Environment

Boulder NCAR Fire Update and Risk of More Colorado Blazes

A photo of the Boulder NCAR fire tweeted by the City of Boulder at 5:15 p.m. on March 27.
A photo of the Boulder NCAR fire tweeted by the City of Boulder at 5:15 p.m. on March 27. bouldercolorado.gov
The latest update on the Boulder NCAR fire, which broke out March 26 near the National Center for Atmospheric Research, contains good news: The blaze remains at around 189 acres in size, containment has reached 35 percent, and all evacuations have been lifted.

But while a worst-case scenario like the Marshall fire that devastated much of Boulder County in late December appears to have been avoided, the risk of conflagrations remains high in many other parts of Colorado, where red flag warnings are currently in effect.

By coincidence, my wife and I went to Boulder on Saturday to enjoy the gorgeous weather while strolling the Pearl Street Mall. We were driving home around 2:20 p.m. when we noticed smoke above NCAR; within minutes, emergency vehicles began roaring past us toward the nascent conflagration.

Here's a photo taken as we drove past:
click to enlarge PHOTO BY DEB ROBERTS
Photo by Deb Roberts
Shortly thereafter, at 2:59 p.m., the City of Boulder tweeted: "We are aware of a fire in the city open space near NCAR. Please avoid the area & do not call 911 to report it. Some pre evacuations are being sent out.... More to come." And indeed, the Boulder Police Department checked in five minutes later with this: "This is being called the #NCARFire The @bouldercolorado EOC has been activated. Wireless Emergency Alerts have been sent to ALL cell phones within a 1/4 mile radius from NCAR. Message is to EVACUATE area due to fast moving wildfire."

The evacuation area around NCAR, which is located at 1850 Table Mesa Drive and includes
Colorado's last building designed by I.M. Pei, eventually grew to 1,629 people, 699 housing units and 836 people. Meanwhile, authorities staged their first press conference:

NCAR Fire Press Conference 1 from City of Boulder on Vimeo.

Fortunately, the blaze didn't explode in size, as the Marshall fire did. At 9:27 a.m. on March 27, the Boulder Office of Emergency Management offered this update:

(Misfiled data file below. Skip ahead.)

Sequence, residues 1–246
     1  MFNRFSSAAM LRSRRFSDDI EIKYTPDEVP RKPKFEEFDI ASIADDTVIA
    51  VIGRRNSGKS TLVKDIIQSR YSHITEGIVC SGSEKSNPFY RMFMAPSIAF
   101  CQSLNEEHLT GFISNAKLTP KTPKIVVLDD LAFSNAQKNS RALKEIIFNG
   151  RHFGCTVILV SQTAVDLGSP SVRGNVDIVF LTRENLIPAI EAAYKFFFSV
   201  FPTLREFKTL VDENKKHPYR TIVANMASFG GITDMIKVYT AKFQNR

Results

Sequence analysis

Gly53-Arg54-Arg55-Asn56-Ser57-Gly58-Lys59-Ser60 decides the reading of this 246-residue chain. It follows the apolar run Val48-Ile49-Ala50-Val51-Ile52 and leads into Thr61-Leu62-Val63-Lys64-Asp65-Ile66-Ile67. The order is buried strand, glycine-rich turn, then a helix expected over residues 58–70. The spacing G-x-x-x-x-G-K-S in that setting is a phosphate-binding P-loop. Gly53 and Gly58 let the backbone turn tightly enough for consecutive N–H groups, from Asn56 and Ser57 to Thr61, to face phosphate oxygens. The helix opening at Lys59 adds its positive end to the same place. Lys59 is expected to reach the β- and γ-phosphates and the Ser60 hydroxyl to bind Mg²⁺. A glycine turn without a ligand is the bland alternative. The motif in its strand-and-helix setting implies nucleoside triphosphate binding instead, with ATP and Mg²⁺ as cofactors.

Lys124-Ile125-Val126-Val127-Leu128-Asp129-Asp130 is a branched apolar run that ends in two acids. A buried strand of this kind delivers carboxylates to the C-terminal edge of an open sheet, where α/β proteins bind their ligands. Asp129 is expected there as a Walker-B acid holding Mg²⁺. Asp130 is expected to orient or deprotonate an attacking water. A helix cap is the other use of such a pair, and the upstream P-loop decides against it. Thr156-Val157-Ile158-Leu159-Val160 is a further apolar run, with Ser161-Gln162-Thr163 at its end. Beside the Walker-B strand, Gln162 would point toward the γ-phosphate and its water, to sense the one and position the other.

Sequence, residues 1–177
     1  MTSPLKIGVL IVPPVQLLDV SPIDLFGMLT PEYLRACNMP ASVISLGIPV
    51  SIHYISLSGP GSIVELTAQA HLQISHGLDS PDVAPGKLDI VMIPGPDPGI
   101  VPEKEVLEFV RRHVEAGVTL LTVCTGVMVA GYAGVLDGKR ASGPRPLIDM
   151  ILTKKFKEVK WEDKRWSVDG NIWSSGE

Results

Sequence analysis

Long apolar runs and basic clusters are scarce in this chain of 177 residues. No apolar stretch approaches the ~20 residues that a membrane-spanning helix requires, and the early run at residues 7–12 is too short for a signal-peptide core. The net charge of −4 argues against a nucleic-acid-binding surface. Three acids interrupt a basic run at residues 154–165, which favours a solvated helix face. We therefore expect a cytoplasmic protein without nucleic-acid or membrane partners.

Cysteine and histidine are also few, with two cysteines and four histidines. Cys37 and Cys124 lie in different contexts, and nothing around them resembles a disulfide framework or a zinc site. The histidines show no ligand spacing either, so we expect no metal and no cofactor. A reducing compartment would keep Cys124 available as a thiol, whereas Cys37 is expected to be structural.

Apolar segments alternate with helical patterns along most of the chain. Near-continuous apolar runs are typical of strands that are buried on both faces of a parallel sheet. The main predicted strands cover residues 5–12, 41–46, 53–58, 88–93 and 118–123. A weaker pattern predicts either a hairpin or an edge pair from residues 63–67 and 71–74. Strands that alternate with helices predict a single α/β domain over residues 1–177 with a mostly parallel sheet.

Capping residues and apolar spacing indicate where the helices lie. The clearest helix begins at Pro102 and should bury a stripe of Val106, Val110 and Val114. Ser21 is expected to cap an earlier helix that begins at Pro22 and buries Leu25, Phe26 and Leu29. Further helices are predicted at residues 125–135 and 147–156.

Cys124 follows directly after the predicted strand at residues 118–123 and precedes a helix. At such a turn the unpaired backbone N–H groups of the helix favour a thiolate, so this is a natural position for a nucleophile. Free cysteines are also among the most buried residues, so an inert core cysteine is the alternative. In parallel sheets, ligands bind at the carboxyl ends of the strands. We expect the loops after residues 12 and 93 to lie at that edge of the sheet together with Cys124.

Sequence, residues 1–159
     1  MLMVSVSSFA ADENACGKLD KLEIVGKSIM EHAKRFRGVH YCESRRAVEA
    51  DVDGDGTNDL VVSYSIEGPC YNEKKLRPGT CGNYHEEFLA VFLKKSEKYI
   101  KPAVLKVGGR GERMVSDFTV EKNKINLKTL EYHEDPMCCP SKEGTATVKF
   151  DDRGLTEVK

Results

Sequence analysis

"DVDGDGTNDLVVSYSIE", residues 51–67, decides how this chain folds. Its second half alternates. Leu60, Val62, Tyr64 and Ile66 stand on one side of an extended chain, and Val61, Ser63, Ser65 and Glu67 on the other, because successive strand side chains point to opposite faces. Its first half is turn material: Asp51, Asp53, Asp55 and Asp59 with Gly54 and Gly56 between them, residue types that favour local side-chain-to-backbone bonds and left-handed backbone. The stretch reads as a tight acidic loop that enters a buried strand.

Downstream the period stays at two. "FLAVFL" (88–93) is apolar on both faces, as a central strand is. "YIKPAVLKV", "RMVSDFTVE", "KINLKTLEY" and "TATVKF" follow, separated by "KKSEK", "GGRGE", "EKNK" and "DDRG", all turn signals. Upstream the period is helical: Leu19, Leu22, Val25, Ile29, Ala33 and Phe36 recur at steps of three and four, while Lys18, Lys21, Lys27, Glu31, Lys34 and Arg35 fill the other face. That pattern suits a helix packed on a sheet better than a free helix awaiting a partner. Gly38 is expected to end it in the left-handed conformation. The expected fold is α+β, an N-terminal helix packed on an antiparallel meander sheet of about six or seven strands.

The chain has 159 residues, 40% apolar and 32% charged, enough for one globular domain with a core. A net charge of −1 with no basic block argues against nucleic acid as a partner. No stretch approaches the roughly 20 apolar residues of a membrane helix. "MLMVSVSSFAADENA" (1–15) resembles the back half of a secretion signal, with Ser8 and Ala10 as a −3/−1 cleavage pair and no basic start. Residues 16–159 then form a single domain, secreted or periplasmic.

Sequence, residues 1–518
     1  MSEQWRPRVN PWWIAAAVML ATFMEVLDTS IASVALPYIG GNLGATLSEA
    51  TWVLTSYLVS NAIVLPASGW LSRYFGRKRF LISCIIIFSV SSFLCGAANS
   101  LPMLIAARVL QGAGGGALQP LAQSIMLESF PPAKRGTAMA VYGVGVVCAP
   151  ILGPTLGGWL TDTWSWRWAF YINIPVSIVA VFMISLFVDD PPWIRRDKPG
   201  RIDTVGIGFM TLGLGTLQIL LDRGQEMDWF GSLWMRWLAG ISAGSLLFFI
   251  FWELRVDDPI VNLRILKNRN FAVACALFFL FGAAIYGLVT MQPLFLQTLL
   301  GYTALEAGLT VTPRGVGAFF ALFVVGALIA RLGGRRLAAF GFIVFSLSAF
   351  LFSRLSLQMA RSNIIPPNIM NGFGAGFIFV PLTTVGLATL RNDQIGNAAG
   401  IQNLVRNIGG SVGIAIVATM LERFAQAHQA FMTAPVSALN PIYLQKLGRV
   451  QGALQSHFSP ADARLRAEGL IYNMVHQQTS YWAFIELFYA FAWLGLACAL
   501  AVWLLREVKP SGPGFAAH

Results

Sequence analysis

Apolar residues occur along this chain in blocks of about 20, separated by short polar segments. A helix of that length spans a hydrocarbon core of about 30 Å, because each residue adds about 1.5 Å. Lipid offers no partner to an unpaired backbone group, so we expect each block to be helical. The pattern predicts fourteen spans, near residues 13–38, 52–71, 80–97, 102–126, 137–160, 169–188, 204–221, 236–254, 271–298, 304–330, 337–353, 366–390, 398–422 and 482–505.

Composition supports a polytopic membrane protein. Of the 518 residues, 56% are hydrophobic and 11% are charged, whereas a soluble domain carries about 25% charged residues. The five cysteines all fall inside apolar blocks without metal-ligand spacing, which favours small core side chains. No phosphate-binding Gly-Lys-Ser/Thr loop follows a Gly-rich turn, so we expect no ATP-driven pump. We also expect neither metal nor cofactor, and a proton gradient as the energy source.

Fire 21 percent contained
Approximately 200 acres
Zero structures lost
Zero injuries
Zero missing persons
Cause: Under investigation, probable origin point identified
Plan for Sunday, March 27:
About 110 firefighters working on fire
Firefighters will aim to continue to corral fire into rocks and snow, reinforce fire line to keep fire away from the City of Boulder and Eldorado Springs
2 fixed-wing air tankers will support
Crews reevaluating evacuation areas and may update as conditions change later in the day/evening
Weather will be hot and dry, with wind gusts up to 20 mph
All hiking trails in the area will remain closed
By 4 p.m., the containment of the NCAR fire had risen to 35 percent and it had not grown in size since that morning. Officials felt comfortable enough with the situation that all evacuations were lifted about an hour later — but individuals near the fire were warned to "stay alert should conditions change."

Still, fire danger in other areas around the state remains high. At 3:15 a.m. today, March 28, the National Weather Service office serving Denver and Boulder issued a red-flag warning in effect from noon through 8 p.m. for Elbert County, as well as central and eastern Douglas County, at elevations above 6,000 feet, as well as northeast and southeast Elbert County and the northern section of Lincoln County below 6,000 feet. Why? Winds from the southwest at 10 to 20 miles per hour, with gusts up to 25 mph, plus relative humidity as low as 8 percent. "Any fire that develops will likely spread rapidly," the NWS warns. "Outdoor burning should be avoided, as well as any activity that may produce a spark."

Shortly thereafter, at 3:50 a.m., the National Weather Service in Pueblo issued a red-flag warning in effect from 11 a.m. to 9 p.m. for the San Luis Valley, Fremont and Teller counties, as well as all of the southeast plains. Winds of 10 to 20 miles per hour are predicted for these areas, with gusts up to 35 mph, and the relative humidity is likely to be as low as 7 percent — conditions that are described as "favorable for rapid rates of fire growth and spread."

These alerts make it clear that in Colorado these days, fire season lasts all year long — and a University of Colorado Boulder study shared by the scholarly publication Science Advances on March 16 shows that such scenarios don't stop at the state line. The key takeaways: "New research reveals that wildfires have gotten larger, more frequent and more widespread across the United States since 2000. Large fires have not only become more common, they are also spreading into new areas, impacting land that previously did not burn. While fires across the entire contiguous United States increased during the years 2005-2018 compared to the previous two decades, fire frequency quadrupled in the Great Plains during this time."

And as CU knows all too well, the pace has definitely picked up in Boulder.
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Michael Roberts has written for Westword since October 1990, serving stints as music editor and media columnist. He currently covers everything from breaking news and politics to sports and stories that defy categorization.
Contact: Michael Roberts